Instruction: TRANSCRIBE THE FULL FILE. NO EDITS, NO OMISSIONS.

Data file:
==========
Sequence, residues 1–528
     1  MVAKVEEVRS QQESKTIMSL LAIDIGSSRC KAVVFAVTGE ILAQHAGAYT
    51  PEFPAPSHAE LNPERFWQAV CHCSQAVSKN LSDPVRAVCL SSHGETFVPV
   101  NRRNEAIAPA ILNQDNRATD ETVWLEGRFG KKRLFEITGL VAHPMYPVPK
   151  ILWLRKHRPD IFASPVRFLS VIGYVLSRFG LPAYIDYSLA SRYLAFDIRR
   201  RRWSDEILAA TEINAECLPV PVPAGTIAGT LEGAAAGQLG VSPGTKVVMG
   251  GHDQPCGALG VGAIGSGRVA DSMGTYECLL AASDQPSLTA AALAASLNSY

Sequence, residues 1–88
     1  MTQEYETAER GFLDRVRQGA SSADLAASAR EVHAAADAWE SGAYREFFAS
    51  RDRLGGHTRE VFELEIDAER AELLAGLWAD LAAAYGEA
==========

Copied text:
Sequence, residues 1–528
     1  MVAKVEEVRS QQESKTIMSL LAIDIGSSRC KAVVFAVTGE ILAQHAGAYT
    51  PEFPAPSHAE LNPERFWQAV CHCSQAVSKN LSDPVRAVCL SSHGETFVPV
   101  NRRNEAIAPA ILNQDNRATD ETVWLEGRFG KKRLFEITGL VAHPMYPVPK
   151  ILWLRKHRPD IFASPVRFLS VIGYVLSRFG LPAYIDYSLA SRYLAFDIRR
   201  RRWSDEILAA TEINAECLPV PVPAGTIAGT LEGAAAGQLG VSPGTKVVMG
   251  GHDQPCGALG VGAIGSGRVA DSMGTYECLL AASDQPSLTA AALAASLNSY

Sequence, residues 1–88
     1  MTQEYETAER GFLDRVRQGA SSADLAASAR EVHAAADAWE SGAYREFFAS
    51  RDRLGGHTRE VFELEIDAER AELLAGLWAD LAAAYGEA